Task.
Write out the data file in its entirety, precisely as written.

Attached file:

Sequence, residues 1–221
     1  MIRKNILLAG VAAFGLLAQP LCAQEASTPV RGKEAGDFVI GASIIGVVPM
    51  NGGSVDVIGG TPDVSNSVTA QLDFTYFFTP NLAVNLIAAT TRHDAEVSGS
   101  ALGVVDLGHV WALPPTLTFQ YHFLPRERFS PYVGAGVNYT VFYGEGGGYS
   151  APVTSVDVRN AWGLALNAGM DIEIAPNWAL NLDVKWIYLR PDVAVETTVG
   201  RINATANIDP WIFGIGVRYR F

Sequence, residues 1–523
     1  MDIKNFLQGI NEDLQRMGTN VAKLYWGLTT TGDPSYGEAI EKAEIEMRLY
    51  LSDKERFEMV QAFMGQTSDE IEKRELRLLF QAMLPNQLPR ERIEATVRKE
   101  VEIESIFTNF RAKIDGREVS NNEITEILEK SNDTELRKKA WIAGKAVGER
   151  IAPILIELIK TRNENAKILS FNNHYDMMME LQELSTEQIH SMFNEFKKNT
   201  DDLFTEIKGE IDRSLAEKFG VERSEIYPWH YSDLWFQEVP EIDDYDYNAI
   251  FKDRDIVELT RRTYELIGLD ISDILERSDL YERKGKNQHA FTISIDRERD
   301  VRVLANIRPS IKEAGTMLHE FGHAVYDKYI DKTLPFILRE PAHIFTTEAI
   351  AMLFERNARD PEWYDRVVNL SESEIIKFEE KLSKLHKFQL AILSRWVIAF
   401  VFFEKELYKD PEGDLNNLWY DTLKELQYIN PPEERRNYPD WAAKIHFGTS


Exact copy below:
Sequence, residues 1–221
     1  MIRKNILLAG VAAFGLLAQP LCAQEASTPV RGKEAGDFVI GASIIGVVPM
    51  NGGSVDVIGG TPDVSNSVTA QLDFTYFFTP NLAVNLIAAT TRHDAEVSGS
   101  ALGVVDLGHV WALPPTLTFQ YHFLPRERFS PYVGAGVNYT VFYGEGGGYS
   151  APVTSVDVRN AWGLALNAGM DIEIAPNWAL NLDVKWIYLR PDVAVETTVG
   201  RINATANIDP WIFGIGVRYR F

Sequence, residues 1–523
     1  MDIKNFLQGI NEDLQRMGTN VAKLYWGLTT TGDPSYGEAI EKAEIEMRLY
    51  LSDKERFEMV QAFMGQTSDE IEKRELRLLF QAMLPNQLPR ERIEATVRKE
   101  VEIESIFTNF RAKIDGREVS NNEITEILEK SNDTELRKKA WIAGKAVGER
   151  IAPILIELIK TRNENAKILS FNNHYDMMME LQELSTEQIH SMFNEFKKNT
   201  DDLFTEIKGE IDRSLAEKFG VERSEIYPWH YSDLWFQEVP EIDDYDYNAI
   251  FKDRDIVELT RRTYELIGLD ISDILERSDL YERKGKNQHA FTISIDRERD
   301  VRVLANIRPS IKEAGTMLHE FGHAVYDKYI DKTLPFILRE PAHIFTTEAI
   351  AMLFERNARD PEWYDRVVNL SESEIIKFEE KLSKLHKFQL AILSRWVIAF
   401  VFFEKELYKD PEGDLNNLWY DTLKELQYIN PPEERRNYPD WAAKIHFGTS